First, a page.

II. Procedural History

On September 28, 2011, ELF filed suit against defendants seeking injunctive relief and civil penalties arising from defendants’ alleged knowing and intentional exposure of consumers to lead-containing products without providing clear and reasonable warnings, in violation of Proposition 65. The products in question include foods intended predominantly or exclusively for babies and toddlers, such as baby foods, fruit juice, and packaged peaches, pears, and fruit cups.

Prior to trial, the parties stipulated that ELF would be deemed to have met its burden of proof with respect to its affirmative case. The parties did not dispute that defendants’ products contain small amounts of lead, an element known to the State of California to cause cancer and reproductive harm. They also agreed to exchange test data concerning the concentration of lead measured in each of the products.

In March 2013, the parties submitted trial briefs and their expert witnesses’ direct testimony. This testimony was presented in the form of sworn declarations accompanied by the evidence and literature on which the experts relied. In their brief, defendants raised three arguments as to why no warnings were required for their products: (1) any such warnings are preempted by federal law, (2) the lead in their products is “naturally occurring” and therefore does not constitute an “exposure” under Proposition 65, and (3) the exposures in question fall below the regulatory “safe harbor” level for lead of 0.5 micrograms per day. Live testimony consisting of cross- and redirect examination of the parties’ expert witnesses (and testimony from one percipient witness) began on April 8, 2013, and concluded after 11 trial days.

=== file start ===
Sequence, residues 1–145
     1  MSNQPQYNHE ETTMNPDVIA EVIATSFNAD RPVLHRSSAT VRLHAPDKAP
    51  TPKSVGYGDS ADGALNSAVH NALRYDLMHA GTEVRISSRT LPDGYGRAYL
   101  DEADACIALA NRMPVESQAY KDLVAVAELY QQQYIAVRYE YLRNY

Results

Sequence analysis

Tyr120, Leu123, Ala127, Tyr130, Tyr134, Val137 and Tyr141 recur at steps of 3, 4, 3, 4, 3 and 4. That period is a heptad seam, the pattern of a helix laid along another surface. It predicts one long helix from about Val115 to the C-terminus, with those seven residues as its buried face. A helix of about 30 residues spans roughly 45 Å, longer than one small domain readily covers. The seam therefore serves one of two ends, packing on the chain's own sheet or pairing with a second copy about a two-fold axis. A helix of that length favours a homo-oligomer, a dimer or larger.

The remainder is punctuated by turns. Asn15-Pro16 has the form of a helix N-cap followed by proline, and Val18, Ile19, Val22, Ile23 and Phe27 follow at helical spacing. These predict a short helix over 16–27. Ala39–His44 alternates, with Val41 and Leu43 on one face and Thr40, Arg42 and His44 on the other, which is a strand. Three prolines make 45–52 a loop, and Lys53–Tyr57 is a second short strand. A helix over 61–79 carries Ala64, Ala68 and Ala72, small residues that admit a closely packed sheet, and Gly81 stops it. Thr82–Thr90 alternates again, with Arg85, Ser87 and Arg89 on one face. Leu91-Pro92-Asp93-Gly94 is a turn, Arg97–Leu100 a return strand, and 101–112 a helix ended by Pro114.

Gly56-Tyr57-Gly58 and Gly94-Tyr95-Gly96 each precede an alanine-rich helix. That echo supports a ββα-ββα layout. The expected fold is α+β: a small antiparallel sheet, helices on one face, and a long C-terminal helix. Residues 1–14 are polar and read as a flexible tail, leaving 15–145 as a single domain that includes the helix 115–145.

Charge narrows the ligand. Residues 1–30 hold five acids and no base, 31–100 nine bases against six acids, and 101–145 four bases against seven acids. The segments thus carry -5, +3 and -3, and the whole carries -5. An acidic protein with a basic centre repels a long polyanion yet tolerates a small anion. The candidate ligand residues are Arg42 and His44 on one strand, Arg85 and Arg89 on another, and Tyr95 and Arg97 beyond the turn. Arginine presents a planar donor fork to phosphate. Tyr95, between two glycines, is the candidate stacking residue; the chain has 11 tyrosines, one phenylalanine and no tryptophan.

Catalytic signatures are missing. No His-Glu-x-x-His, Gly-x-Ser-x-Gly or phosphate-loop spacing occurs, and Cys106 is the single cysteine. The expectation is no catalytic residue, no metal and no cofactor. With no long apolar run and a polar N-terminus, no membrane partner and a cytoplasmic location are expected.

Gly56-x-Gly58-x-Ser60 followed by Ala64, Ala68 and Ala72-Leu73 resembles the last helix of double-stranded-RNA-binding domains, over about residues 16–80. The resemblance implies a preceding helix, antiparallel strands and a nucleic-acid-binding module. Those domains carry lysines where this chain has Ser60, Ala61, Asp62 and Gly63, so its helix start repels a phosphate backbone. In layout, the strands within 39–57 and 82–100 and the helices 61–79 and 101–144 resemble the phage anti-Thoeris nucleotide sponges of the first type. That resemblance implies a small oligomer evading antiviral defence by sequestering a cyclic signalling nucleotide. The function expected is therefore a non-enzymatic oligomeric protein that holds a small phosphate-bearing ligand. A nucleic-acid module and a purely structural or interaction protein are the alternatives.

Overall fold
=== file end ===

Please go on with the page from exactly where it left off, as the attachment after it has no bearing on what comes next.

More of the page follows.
III. Testimony And Evidence

A. Defendants’ Case

1. Dr. Barbara Petersen

Dr. Barbara Petersen is a nutritional biochemist. She has conducted food-related exposure analyses for more than 30 years and has done over 1, 000 such studies, including work for the United Nations’ Food and Agriculture Organization and the World Health Organization. For this case, she prepared an analysis to determine the average consumer’s exposure to lead

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from each of the products at issue. She was provided with data from over 2, 000 individual lead samples. She also obtained data concerning the amounts of the products eaten by average consumers, and the associated frequency with which the products are typically consumed over a two-week period.